Assemblyman Thiele Calls on Governor Hochul to Sign Biomarker Testing Bill S.1196-A/A.1673-A

Albany, New York – Today, NYS Assemblyman Thiele called on Governor Hochul to sign into law S.1196-A/A1673-A, which passed the Senate and Assembly in June with bipartisan support. The bill would require state-regulated health insurance plans, including Medicaid, to cover biomarker testing when supported by medical and scientific evidence. There are more than sixty-five organizations supporting this bill.

Biomarker testing has become a revolutionary part of cancer care and determining the best treatment for other serious and life-threatening conditions, such as rheumatoid arthritis, preeclampsia, and Parkinson’s. Despite the proven benefits, many insurers fail to keep pace with innovations and advancements in biomarker testing. As a result, some patients must decide whether to pay out-of-pocket or go without the testing that may connect them with lifesaving treatment or help them avoid unnecessary or ineffective treatments. Moreover, people of color, individuals with lower incomes, and rural communities are disproportionately left behind from these advancements, and the current system of medical inequity is exacerbated.

The American Cancer Society Cancer Action Network describes the bill as an incredibly important step toward improving access to biomarker testing and ensuring that patients get the right medicine at the right time. “The only thing that is standing between New Yorkers and the care they deserve is the lack of Governor Hochul’s signature on Senate Bill 1196a / Assembly Bill 1673a,” said Michael Davoli, a Senior Government Relations Director of the American Cancer Society Cancer Action Network (ACS CAN).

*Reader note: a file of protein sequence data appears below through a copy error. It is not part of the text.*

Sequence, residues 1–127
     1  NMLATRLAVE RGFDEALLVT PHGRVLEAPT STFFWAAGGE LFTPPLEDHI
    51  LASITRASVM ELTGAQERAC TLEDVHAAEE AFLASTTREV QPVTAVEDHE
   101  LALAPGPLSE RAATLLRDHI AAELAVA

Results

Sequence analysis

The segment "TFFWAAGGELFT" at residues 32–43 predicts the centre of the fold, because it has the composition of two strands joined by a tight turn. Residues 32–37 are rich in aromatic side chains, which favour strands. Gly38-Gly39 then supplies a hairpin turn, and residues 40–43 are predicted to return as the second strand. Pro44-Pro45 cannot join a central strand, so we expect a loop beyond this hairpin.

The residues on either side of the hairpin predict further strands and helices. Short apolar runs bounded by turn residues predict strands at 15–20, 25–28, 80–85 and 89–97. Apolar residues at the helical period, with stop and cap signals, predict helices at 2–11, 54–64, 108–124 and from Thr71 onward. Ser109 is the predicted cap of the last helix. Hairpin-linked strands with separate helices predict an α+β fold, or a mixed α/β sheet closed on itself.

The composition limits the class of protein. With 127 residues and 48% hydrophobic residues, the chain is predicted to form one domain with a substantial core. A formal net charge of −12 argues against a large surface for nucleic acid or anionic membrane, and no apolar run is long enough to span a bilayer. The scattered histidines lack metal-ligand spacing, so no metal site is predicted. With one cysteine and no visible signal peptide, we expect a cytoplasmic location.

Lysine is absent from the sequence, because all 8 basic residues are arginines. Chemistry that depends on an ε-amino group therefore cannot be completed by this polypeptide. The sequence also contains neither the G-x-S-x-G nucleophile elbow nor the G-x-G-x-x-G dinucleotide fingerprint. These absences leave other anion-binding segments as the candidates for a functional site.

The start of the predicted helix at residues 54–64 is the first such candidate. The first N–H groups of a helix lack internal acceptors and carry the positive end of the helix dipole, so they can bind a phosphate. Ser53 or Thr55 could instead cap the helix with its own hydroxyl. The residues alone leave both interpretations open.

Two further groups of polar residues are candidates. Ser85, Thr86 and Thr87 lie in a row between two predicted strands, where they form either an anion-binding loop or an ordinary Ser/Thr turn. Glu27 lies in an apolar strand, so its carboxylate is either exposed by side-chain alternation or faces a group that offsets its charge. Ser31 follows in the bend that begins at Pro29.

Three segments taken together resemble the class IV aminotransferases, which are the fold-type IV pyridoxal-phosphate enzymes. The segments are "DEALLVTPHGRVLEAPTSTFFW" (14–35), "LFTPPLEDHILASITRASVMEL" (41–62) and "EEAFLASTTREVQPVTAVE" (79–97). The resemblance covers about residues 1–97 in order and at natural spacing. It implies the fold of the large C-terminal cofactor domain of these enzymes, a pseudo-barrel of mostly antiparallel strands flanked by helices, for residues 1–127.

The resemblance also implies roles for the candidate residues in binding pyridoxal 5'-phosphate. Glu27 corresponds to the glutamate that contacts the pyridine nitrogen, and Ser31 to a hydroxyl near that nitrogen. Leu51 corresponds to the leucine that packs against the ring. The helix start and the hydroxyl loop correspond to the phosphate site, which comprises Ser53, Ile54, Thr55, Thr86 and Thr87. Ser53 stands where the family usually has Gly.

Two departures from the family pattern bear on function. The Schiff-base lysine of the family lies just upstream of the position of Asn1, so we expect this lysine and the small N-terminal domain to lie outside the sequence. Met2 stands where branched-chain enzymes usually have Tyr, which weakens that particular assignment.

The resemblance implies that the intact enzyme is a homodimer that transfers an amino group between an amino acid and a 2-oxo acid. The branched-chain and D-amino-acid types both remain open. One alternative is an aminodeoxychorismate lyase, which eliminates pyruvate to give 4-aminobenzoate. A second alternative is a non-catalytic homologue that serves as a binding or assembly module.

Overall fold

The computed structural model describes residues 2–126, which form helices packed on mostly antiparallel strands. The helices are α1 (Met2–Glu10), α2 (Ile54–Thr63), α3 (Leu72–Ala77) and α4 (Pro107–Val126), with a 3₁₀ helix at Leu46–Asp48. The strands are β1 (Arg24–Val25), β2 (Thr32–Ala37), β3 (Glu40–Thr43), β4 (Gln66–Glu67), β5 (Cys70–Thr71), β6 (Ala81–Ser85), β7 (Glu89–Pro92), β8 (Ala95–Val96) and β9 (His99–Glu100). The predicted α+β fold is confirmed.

The New York Health Plan Association, which represents the health plans that provide coverage to over eight million New Yorkers, stated that the bill “takes a balanced approach of utilizing biomarker testing to inform the best treatment of care for patients through safe and effective testing that is supported by nationally recognized clinical guidelines.”

Twelve other states have already enacted comprehensive, disease-agnostic biomarker testing bills nearly identical to the one the providers, patients and advocates are calling on Governor Hochul to sign.

In 2023, approximately 31,320 New Yorkers will die from cancer, and countless more will suffer from a disease – the side effects of which could be mitigated by biomarker testing. Improved access to biomarker testing can make it so that fewer New Yorkers are lost to cancer and suffer from their illnesses.